Since then, I have calmed down and looking back I’ve learned some valuable lessons, which I thought I’d share:

  1. If you’re anything like me, when you set a date months in advance you need to ensure that the target audience (in this case, the students of the Certificate in Fitness class) are given a “save the date” as soon as you set it, so that even though you may not have all the details finalised you can at least lock in the date and they can make arrangements.
  2. Always have a Plan B, so that when life happens and people are unable to make it you have a back-up option and you’re not left scrambling.
  3. Check that the IT truly does work before using it and when in doubt, always resort to tried and trusted methods.

Overall, I’m still feeling a little deflated that it wasn’t the success that I had hoped, but that won’t stop me from trying again. I’ve learnt somethings and I know what to do for next time. The 2 girls that did turn up had a lot of fun trying out new ways of moving. They got a free PT session with my husband and learnt a bit about what their bodies are capable of along the way. One of the girls made a comment along the lines of: “Look! I’m stronger now just from doing one session!” I even joined in the circuit – there was something immensely enjoyable about training with my students.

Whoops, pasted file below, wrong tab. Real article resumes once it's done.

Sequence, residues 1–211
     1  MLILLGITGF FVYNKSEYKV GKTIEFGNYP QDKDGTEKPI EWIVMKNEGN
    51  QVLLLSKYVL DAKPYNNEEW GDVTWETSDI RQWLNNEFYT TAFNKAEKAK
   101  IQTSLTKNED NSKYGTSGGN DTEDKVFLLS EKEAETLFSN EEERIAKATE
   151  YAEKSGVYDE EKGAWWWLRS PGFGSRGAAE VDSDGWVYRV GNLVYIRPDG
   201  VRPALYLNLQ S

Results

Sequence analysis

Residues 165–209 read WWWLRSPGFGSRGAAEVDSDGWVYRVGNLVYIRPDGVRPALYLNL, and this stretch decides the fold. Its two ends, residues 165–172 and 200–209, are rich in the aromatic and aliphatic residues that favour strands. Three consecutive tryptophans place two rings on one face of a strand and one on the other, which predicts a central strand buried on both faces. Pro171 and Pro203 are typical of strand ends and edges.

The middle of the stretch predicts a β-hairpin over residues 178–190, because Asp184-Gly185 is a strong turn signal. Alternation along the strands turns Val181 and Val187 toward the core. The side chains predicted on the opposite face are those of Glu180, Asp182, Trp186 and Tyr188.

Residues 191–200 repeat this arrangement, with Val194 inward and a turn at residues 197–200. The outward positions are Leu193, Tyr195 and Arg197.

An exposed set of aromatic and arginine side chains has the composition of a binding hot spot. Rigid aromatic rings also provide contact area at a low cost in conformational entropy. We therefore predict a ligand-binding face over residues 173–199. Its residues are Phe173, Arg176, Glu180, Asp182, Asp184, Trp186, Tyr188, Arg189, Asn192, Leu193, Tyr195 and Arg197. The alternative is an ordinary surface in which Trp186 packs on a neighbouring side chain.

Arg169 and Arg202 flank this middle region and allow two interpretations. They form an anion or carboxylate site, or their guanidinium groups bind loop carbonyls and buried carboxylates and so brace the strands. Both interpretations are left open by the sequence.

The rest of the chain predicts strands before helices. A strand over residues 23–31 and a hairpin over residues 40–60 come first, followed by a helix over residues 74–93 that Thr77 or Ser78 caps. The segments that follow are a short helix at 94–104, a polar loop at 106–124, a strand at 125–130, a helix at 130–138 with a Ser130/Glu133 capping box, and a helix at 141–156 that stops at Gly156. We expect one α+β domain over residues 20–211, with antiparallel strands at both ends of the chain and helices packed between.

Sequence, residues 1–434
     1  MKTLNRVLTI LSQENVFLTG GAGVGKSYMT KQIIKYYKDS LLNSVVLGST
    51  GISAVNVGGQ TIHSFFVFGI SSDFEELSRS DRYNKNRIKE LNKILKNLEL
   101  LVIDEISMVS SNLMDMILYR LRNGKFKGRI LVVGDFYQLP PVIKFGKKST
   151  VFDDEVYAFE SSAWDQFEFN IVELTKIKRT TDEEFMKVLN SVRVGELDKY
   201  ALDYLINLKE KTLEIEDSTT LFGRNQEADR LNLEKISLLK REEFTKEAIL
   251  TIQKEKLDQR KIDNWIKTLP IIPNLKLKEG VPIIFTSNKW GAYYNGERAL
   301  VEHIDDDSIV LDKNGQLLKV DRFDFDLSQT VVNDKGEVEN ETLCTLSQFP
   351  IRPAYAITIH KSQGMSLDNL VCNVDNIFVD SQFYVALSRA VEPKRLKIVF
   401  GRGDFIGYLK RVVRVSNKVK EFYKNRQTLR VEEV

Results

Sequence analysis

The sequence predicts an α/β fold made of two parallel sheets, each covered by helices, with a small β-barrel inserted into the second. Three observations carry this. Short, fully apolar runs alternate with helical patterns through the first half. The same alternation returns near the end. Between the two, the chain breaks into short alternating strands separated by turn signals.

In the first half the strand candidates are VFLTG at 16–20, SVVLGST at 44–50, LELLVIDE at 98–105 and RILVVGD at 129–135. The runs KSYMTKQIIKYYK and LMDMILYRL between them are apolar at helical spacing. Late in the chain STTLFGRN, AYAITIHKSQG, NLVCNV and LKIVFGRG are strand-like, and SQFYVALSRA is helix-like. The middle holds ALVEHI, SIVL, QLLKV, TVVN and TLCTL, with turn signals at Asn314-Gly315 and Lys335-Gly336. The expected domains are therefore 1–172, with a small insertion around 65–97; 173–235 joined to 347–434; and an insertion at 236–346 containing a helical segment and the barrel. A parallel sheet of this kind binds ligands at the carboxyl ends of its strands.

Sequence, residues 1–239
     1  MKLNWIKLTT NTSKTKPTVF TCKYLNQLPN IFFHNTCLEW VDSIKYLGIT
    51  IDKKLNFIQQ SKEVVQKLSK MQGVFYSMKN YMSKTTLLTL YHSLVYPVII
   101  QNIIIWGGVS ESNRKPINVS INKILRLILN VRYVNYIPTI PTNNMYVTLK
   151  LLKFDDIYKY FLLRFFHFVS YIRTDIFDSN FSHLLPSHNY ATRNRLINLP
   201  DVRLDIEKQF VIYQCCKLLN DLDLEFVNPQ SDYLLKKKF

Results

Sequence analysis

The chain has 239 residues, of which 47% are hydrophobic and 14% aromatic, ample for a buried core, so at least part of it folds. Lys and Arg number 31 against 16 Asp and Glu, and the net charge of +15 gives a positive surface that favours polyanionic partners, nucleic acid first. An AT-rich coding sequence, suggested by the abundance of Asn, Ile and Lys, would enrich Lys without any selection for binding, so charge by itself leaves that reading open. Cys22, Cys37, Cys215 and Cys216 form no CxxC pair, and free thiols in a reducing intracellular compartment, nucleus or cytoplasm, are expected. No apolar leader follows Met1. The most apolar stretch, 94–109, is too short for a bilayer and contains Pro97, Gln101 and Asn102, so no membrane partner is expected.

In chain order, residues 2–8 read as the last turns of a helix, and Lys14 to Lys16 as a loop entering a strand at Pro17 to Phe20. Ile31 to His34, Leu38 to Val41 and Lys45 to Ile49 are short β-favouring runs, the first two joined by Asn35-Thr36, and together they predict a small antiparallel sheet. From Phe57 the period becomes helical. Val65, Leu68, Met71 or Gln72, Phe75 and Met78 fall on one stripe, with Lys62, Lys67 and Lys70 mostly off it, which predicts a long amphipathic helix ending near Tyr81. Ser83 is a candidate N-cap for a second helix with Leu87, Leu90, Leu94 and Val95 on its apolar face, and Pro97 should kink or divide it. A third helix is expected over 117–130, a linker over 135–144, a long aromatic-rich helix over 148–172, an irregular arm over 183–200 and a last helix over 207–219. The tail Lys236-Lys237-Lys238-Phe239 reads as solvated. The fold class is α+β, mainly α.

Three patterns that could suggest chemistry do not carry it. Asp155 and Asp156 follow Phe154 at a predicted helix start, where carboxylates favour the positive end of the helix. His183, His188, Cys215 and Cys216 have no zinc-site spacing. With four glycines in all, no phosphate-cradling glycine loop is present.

I needed to remind myself that not all things work the first time around. This was my first true taste of failure at something like this, and although it wasn’t a pleasant experience, I’m thankful for the opportunity to reflect, learn, and to make it better. I took a risk, it didn’t work, but that won’t stop me from taking a risk again. After all, it’s not about me, it’s about the girls, and I want to give them every opportunity I can, no matter how many times it takes.

Smashing Stereotypes Event Banner

Bookish Things, Thoughts

Science Fiction becomes science

Science Fiction is one of my favourite genres, in fact, I’m finding that I’m reading and watching more Sci-Fi than anything else at the moment. I think one of the reasons I love it is because Science Fiction is quite often a precursor to the leaps and bounds of Science.

An example of this is cyborgs. There are so many Sci-Fi stories that have cyborgs in them; a particular favourite of mine is Cinder by Marissa Meyer. In this story, Cinder is half human/half robot and the integration between her two halves is seamless, in fact her robotic parts enable her to do more than is humanly possible.